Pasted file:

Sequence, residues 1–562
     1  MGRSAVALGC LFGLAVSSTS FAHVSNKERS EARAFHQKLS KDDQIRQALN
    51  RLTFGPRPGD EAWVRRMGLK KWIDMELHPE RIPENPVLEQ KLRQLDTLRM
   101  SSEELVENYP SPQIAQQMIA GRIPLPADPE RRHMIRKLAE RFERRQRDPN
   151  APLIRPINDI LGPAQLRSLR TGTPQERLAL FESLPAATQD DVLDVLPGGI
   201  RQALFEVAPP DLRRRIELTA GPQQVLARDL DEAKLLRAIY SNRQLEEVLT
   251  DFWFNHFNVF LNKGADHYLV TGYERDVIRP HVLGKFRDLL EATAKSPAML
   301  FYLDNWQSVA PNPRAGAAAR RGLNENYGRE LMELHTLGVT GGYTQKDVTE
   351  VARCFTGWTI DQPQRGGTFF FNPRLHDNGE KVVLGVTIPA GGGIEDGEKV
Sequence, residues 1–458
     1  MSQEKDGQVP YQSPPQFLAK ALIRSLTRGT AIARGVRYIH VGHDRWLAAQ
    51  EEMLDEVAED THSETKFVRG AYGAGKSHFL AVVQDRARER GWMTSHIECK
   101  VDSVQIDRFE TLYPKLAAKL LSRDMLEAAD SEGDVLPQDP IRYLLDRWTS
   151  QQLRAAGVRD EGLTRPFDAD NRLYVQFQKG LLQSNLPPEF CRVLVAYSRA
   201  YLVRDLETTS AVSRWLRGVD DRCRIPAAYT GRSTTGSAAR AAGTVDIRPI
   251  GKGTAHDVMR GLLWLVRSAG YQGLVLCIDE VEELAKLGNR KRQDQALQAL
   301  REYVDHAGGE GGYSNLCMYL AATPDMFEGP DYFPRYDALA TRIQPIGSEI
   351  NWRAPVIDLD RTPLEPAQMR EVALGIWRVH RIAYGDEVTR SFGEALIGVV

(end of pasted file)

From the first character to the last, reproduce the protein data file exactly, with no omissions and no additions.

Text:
Sequence, residues 1–562
     1  MGRSAVALGC LFGLAVSSTS FAHVSNKERS EARAFHQKLS KDDQIRQALN
    51  RLTFGPRPGD EAWVRRMGLK KWIDMELHPE RIPENPVLEQ KLRQLDTLRM
   101  SSEELVENYP SPQIAQQMIA GRIPLPADPE RRHMIRKLAE RFERRQRDPN
   151  APLIRPINDI LGPAQLRSLR TGTPQERLAL FESLPAATQD DVLDVLPGGI
   201  RQALFEVAPP DLRRRIELTA GPQQVLARDL DEAKLLRAIY SNRQLEEVLT
   251  DFWFNHFNVF LNKGADHYLV TGYERDVIRP HVLGKFRDLL EATAKSPAML
   301  FYLDNWQSVA PNPRAGAAAR RGLNENYGRE LMELHTLGVT GGYTQKDVTE
   351  VARCFTGWTI DQPQRGGTFF FNPRLHDNGE KVVLGVTIPA GGGIEDGEKV
Sequence, residues 1–458
     1  MSQEKDGQVP YQSPPQFLAK ALIRSLTRGT AIARGVRYIH VGHDRWLAAQ
    51  EEMLDEVAED THSETKFVRG AYGAGKSHFL AVVQDRARER GWMTSHIECK
   101  VDSVQIDRFE TLYPKLAAKL LSRDMLEAAD SEGDVLPQDP IRYLLDRWTS
   151  QQLRAAGVRD EGLTRPFDAD NRLYVQFQKG LLQSNLPPEF CRVLVAYSRA
   201  YLVRDLETTS AVSRWLRGVD DRCRIPAAYT GRSTTGSAAR AAGTVDIRPI
   251  GKGTAHDVMR GLLWLVRSAG YQGLVLCIDE VEELAKLGNR KRQDQALQAL
   301  REYVDHAGGE GGYSNLCMYL AATPDMFEGP DYFPRYDALA TRIQPIGSEI
   351  NWRAPVIDLD RTPLEPAQMR EVALGIWRVH RIAYGDEVTR SFGEALIGVV